Nicolas Maduro

Venezuela’s campesino marchers achieved their immediate objective on August 2 by holding a public meeting with President Nicolas Maduro in Caracas that was nationally televised. They presented proposals for far-reaching reforms to state agrarian policies and institutions.

The fourth national congress of Venezuela’s largest political party, the United Socialist Party of Venezuela (PSUV), wound up on July 30 following three days of intense activities. The congress was inaugurated on July 28, on the 64th birthday of the party’s late founder, Hugo Chavez.

The PSUV congress took place in an increasingly complicated context, amidst a collapsing economy, hyperinflation, international financial sanctions and an upcoming monetary reconversion.

A large contingent of Venezuelan campesinos marched across the country for almost three weeks in what they called the “Admirable Campesino March” to raise awareness about the many problems faced by small farmers, including evictions, harassment and general neglect at the hands of government institutions.

The marchers, who first set off on July 12 from the city of Guanare, Portuguesa state, arrived in Caracas on August 1 with the plan to deliver a collective document that presents both their complaints and proposals to President Nicolas Maduro.

Venezuelan President Nicolas Maduro responded rapidly to the European Union’s proposal to impose further sanctions on top government officials following the May 20 presidential and state council elections. The 28-country bloc alleges the vote failed to comply with "minimal democratic standards".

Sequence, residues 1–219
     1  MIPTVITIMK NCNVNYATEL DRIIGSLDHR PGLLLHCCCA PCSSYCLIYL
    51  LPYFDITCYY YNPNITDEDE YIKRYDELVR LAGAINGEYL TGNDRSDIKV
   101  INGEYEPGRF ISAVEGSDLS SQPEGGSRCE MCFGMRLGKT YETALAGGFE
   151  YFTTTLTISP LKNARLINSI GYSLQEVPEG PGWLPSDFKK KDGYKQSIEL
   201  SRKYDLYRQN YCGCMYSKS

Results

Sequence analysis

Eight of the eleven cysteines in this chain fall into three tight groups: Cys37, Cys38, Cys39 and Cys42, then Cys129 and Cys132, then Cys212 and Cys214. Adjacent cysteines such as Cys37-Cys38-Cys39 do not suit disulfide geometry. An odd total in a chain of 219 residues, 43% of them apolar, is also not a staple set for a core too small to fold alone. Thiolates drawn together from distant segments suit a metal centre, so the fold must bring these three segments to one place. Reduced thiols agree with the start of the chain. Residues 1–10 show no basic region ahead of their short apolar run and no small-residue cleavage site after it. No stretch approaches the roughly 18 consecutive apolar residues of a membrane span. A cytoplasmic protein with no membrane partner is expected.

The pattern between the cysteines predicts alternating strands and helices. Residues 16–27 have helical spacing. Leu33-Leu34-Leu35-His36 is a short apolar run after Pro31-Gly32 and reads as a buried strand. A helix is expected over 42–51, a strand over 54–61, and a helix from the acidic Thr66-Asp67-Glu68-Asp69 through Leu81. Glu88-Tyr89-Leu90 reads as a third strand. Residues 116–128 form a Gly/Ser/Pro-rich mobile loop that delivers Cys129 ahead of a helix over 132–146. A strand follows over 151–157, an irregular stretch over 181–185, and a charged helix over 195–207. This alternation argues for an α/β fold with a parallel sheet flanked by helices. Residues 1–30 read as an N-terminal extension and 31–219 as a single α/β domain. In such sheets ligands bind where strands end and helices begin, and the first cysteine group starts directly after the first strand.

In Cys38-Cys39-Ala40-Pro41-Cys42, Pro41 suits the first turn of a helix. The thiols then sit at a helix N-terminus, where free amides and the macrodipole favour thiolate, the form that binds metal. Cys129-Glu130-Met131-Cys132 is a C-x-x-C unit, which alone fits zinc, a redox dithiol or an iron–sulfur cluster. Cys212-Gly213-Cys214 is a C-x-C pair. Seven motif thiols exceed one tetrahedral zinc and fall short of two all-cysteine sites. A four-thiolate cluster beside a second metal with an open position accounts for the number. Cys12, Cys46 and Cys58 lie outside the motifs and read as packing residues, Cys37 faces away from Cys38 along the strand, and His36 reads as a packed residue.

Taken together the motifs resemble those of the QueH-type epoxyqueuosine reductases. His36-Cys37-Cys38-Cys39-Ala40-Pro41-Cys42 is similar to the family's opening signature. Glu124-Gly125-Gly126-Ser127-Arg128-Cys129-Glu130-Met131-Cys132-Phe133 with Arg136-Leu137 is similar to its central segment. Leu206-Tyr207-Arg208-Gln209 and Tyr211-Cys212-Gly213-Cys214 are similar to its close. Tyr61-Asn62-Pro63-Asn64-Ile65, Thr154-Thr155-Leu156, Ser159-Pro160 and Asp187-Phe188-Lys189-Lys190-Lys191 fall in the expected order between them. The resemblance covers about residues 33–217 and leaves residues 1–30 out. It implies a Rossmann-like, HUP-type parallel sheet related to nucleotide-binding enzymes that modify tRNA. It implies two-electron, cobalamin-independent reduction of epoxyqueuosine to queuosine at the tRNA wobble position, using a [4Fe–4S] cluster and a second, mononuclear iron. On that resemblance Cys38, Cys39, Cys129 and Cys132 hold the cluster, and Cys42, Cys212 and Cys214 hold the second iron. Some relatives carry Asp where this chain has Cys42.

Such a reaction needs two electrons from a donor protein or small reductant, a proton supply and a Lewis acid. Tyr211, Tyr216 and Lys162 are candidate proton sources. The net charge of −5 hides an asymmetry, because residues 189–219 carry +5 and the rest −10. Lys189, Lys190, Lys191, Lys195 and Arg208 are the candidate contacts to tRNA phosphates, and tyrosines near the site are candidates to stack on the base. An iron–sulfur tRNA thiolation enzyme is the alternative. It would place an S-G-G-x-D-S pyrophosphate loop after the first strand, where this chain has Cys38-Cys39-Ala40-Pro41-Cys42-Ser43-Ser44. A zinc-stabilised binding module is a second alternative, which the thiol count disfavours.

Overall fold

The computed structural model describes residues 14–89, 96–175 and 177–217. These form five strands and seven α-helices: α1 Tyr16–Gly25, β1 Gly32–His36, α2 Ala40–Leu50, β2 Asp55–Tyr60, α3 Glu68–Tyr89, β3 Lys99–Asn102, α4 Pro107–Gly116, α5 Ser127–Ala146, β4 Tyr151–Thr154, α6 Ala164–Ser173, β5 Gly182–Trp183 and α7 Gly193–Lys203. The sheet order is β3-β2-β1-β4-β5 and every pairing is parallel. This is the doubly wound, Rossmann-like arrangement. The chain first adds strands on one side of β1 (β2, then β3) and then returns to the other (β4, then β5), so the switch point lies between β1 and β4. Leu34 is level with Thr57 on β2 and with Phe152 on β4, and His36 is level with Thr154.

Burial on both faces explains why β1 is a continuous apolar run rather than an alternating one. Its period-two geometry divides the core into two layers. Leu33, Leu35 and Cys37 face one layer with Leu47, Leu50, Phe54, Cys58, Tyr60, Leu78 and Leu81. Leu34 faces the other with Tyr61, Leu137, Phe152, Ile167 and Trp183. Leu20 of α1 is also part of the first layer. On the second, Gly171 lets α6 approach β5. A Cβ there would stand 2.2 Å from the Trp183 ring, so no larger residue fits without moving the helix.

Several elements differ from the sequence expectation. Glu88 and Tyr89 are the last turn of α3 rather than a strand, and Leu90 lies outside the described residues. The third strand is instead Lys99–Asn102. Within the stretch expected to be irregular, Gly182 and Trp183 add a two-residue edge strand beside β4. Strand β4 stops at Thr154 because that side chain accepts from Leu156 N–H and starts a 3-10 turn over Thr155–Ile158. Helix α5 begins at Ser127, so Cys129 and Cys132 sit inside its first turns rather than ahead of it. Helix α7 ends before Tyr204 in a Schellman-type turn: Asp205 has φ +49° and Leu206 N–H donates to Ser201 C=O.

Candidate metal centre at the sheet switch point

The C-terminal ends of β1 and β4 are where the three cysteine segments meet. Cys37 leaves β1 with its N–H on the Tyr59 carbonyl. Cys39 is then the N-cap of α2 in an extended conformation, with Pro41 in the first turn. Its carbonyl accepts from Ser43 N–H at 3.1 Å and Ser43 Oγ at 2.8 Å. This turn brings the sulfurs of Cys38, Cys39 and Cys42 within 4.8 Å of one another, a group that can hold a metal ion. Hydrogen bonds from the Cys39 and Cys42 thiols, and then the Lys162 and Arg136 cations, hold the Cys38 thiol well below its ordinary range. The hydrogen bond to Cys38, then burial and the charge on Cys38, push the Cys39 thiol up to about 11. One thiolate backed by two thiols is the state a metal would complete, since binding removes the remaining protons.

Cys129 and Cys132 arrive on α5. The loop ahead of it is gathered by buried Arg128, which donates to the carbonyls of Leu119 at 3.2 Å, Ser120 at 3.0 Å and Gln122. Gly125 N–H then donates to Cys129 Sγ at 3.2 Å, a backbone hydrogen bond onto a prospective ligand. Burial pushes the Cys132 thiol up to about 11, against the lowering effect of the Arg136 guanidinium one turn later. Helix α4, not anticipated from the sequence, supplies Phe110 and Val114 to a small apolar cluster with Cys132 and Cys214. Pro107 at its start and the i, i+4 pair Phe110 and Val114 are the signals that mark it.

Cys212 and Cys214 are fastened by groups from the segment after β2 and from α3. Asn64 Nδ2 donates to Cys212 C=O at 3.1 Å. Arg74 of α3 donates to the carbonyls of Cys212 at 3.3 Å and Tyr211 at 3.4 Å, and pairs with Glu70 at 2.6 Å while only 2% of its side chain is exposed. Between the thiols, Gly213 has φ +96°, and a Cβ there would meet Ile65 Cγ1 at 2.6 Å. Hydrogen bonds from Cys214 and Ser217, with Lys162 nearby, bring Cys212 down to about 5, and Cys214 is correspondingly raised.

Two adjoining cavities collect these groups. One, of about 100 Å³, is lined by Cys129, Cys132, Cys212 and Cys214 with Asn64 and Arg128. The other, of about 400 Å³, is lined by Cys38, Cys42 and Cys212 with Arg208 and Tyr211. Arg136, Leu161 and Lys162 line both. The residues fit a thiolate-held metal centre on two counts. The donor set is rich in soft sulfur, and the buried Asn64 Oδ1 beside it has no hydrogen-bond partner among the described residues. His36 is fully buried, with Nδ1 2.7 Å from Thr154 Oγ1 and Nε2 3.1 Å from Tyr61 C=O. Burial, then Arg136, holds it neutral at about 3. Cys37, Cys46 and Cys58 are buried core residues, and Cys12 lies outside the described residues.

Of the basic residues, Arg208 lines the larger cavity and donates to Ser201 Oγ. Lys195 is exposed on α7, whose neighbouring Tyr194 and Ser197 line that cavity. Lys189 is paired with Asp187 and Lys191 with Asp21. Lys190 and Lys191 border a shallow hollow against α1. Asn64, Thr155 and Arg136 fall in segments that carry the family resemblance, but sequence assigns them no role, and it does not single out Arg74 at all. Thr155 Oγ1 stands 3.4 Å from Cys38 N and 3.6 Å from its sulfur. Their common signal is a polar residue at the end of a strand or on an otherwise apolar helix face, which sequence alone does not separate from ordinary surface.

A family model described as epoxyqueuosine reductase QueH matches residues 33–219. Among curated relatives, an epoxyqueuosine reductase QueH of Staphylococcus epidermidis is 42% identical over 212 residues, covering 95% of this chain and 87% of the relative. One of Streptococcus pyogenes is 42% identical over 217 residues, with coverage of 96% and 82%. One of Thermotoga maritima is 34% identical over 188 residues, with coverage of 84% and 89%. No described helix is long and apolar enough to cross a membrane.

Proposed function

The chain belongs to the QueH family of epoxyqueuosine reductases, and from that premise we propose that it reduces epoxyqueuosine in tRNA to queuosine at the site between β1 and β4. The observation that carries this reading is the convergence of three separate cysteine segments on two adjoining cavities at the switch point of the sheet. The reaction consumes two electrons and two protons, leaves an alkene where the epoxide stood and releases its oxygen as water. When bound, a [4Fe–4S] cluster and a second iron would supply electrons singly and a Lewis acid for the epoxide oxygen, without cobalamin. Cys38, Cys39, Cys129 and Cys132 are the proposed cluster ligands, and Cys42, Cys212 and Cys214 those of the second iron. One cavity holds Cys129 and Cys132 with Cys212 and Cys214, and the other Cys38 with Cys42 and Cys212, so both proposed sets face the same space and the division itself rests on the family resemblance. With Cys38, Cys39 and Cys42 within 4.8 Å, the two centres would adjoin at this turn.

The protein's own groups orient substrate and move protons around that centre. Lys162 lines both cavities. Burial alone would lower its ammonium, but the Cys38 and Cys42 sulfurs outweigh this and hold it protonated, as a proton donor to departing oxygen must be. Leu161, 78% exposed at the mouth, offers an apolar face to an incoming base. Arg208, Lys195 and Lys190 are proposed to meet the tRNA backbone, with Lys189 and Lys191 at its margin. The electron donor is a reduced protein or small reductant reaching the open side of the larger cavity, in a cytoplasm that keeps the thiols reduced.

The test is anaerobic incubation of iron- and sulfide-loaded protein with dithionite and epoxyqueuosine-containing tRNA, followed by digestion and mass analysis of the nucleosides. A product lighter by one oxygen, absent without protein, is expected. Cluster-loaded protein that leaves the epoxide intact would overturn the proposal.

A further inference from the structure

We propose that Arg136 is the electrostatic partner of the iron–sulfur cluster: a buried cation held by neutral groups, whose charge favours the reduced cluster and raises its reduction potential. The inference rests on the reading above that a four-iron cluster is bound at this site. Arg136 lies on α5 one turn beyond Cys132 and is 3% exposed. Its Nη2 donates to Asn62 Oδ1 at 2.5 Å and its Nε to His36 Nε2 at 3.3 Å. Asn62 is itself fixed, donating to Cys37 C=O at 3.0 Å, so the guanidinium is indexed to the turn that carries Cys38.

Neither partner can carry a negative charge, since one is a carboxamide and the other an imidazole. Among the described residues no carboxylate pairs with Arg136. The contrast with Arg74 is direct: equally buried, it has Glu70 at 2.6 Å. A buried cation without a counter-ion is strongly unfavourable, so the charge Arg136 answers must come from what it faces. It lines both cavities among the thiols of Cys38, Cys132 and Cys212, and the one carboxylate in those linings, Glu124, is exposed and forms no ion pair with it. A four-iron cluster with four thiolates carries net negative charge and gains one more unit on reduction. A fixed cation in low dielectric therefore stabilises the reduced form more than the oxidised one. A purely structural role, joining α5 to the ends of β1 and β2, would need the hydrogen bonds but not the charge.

Maduro, who won the presidential election by a landslide despite low voter participation, said on May 28: "This is the European Union that arrogantly wants to put its nose in Venezuela's business." He added, "Enough of this old colonialism."

Venezuelan Foreign Affairs Minister Jorge Arreaza responded forcefully to the latest round of US sanctions, which follow hard on the heels of socialist candidate Nicolas Maduro’s electoral victory on May 20.

“There is no unilateral measure, no pressure from any foreign power that can intimidate the Venezuelan people,” the top diplomat stated.

Even before Venezuela’s May 20 presidential vote had taken place, the United States —headed by a president who lost the popular vote in an electoral system that systematically disenfranchises millions of poor and non-white voters — rejected the elections as “neither free nor fair”.

The Lima Group, a coalition of 13 right-wing Latin American countries plus Canada, also refused to recognise the results. Among its members are:

Venezuelan President Nicolas Maduro won the Venezuelan presidential elections on May 20, gaining a second presidential term for six years with more than 5.8 million votes, the National Electoral Council (CNE) announced that night.

With 92.6 percent of the votes counted, Maduro had 5.8 million votes, while his closest rival, former governor Henri Falcón getting 1.8 million votes, said CNE President Tibisay Lucena who added that in total, 8.6 million Venezuelans voted, out of an electoral registry of 20.5 million people.

With the National Electoral Council setting April 22 as the date for the country’s presidential election and the United Socialist Party of Venezuela (PSUV) confirming current president Nicolas Maduro as their candidate, leftist organisations in Venezuela have been debating what position to take.

As Venezuelans get ready for April’s presidential election, US Senator Marco Rubio claimed via Twitter the world would support Venezuela’s military if it decided to orchestrate a coup against Venezuelan President Nicolas Maduro, who is up for re-election.

The Republican lawmaker from Florida tweeted on February 9: “The world would support the Armed Forces in #Venezuela if they decide to protect the people & restore democracy by removing a dictator.”

Venezuela’s socialists scored an overwhelming victory in mayoral elections on December 10, taking over 90% of the country's municipalities. 

President Nicolas Maduro’s United Venezuelan Socialist Party (PSUV), along with its allies, have secured victory in 308 of Venezuela’s 335 municipalities. According to preliminary results, the governing socialist party managed to take 21 out of the country’s 23 state capitals as well as the Caracas Capital District.

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